Good Practice When Creating Long Word Documents - Sections, Headers, etc.

Good Practice When Creating Long Word Documents - Sections, Headers, etc.
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Inserting Section Breaks

Creating section breaks in a Word document will keep text together and maintain separations, even if information is added to or removed from the Word document. Section breaks will also maintain formatting applied to the specific section. This is especially helpful in a long document, as you will likely review the first draft and make changes throughout the document. To insert a section break, place the cursor where the break should occur. In Word 2003, go to the Insert menu and click on Break. In Word 2007, go to the Page Layout tab of the ribbon and click on Breaks in the Page Setup group.

Select a type of section break from the Section Break Types list. To create a section break that forces the next section onto a new page, even if text is added or removed, select Next Page. To create a section break that maintains formatting but does not move the next section to a new page, select Continuous. Even and Odd page section breaks are typically used when creating a booklet, and will start a new section on the next even or odd page, respectively.

Working with Headers and Footers

Creating headers and footers can help distinguish sections of a long document. To insert a header or footer in a Word document , go to the View menu in Word 2003 and click on Header and Footer. In Word 2007, go to the Insert menu and select Header or Footer in the Header & Footer group.

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You can use the header or footer to insert continuous information throughout the Word document, such as page numbers or the name of the author. When working in a long document, though, using different headers and footers can set sections apart . Once you have inserted sections into a long document, inserting separate headers or footers can be done in a few simple steps.

Click inside of a section of the document and open the header or footer as listed above. When working in a long document, creating a header or footer in the first section and working through the remaining sections is more manageable than jumping around between sections, as it is easy to forget what has been done.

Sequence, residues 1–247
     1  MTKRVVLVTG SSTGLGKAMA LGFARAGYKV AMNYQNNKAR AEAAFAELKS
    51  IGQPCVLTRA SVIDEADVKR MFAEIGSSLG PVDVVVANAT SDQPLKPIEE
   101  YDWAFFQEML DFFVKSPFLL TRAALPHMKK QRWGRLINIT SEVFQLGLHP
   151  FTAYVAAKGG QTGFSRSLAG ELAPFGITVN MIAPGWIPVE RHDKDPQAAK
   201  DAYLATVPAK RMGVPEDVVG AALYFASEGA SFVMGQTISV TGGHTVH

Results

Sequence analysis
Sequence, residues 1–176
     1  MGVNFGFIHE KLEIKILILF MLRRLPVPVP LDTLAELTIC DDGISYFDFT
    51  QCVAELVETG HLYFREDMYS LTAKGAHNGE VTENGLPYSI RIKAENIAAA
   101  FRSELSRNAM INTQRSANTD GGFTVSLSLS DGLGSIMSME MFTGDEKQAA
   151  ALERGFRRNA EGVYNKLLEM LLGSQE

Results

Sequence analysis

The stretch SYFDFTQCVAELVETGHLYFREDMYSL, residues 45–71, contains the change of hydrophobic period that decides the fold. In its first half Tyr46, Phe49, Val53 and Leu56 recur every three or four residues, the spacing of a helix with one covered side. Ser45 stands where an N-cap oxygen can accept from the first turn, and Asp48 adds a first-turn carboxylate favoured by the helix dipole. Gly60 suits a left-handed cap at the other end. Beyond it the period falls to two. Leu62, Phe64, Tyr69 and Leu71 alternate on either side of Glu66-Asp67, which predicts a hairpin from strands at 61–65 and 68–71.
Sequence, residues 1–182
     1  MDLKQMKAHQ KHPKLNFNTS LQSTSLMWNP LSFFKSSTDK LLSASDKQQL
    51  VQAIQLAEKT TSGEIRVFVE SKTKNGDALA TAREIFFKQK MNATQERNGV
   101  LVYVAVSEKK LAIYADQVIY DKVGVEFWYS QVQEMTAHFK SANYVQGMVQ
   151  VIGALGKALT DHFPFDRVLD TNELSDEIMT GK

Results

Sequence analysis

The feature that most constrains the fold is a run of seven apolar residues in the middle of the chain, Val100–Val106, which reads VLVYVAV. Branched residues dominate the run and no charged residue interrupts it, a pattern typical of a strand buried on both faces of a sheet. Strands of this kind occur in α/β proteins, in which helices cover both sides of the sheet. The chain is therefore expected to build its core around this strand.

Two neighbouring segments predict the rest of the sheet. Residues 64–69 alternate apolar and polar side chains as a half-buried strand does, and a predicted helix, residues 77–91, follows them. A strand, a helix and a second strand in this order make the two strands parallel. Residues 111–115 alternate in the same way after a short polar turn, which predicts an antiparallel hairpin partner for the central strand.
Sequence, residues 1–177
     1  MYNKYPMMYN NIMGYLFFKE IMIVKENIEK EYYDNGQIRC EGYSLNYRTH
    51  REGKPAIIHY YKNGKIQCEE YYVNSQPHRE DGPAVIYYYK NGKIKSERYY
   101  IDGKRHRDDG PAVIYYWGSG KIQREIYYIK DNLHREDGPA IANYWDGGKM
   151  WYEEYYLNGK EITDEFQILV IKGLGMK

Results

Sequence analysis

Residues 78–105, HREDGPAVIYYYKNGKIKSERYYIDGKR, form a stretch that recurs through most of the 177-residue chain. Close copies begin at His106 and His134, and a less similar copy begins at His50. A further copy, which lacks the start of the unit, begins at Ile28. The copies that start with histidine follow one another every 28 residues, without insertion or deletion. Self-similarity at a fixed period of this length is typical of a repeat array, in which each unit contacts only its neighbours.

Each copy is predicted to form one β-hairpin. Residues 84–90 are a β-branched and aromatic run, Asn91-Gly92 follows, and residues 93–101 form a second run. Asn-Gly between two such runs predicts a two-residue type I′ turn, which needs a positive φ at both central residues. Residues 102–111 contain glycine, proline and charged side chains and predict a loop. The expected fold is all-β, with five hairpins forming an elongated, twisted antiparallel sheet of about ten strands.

Nothing special needs to be done to the first section. Simply enter the desired information into it. Before editing the header or footer of the next section, however, you must unlink it from the previous section’s header or footer. To do so, place the cursor inside of the header or footer for that section. In Word 2003, deselect the Link to Previous button on the Header and Footer toolbar. This button resembles two side-by-side document pages with a dotted line arrow linking them. In Word 2007, Link to Previous is found in the Navigation group of the Headers & Footers tab.

Go to the header or footer of each new section and break the link from the previous section to create custom headers or footers for each section.

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Viewing and Deleting Section Breaks

It is likely that, when working with a long document, you may create and edit it over a period of time. There may be instances when you need to change a section break, or are unable to recall whether a section break was inserted. When this occurs, you can use Word settings to view all of the section breaks in the document and make changes as needed.

In Word 2003, simply click the Show/Hide button on the Standard toolbar. In Word 2007, the Show/Hide button is in the Paragraph group on the Home tab of the ribbon. Initially, clicking the Show/Hide button will display all formatting marks throughout the document. Clicking it again will hide these marks.

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Section breaks will be clearly marked as such. To delete a section break, insert the cursor directly before the break and click Delete.

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Section breaks allow you to apply formatting and styles to specific segments of a document, which is especially useful in long documents. Read Tips for Long Word Documents : Style and Formatting to find out more. Also, be sure to check out Bright Hub’s ever-increasing collection of other Microsoft Word tutorials.